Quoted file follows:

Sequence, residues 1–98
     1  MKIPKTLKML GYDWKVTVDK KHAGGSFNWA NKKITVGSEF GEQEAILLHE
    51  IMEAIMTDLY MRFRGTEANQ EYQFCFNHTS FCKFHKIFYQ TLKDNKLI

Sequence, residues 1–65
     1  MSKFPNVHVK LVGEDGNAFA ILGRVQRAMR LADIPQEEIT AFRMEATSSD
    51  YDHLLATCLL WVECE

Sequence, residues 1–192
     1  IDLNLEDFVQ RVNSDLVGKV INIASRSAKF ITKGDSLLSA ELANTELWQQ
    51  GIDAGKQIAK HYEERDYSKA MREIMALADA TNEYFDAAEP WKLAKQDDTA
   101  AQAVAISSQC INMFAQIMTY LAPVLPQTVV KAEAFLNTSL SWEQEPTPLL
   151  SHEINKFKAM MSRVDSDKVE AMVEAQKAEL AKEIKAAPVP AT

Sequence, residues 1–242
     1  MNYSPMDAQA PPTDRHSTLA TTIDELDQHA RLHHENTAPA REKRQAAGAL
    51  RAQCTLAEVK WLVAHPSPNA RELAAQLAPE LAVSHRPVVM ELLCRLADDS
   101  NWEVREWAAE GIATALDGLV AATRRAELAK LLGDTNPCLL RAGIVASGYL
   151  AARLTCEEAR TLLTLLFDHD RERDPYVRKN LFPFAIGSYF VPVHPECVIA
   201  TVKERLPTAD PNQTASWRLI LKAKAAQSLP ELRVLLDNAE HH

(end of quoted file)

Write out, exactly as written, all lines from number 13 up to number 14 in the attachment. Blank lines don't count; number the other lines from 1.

     1  MNYSPMDAQA PPTDRHSTLA TTIDELDQHA RLHHENTAPA REKRQAAGAL
    51  RAQCTLAEVK WLVAHPSPNA RELAAQLAPE LAVSHRPVVM ELLCRLADDS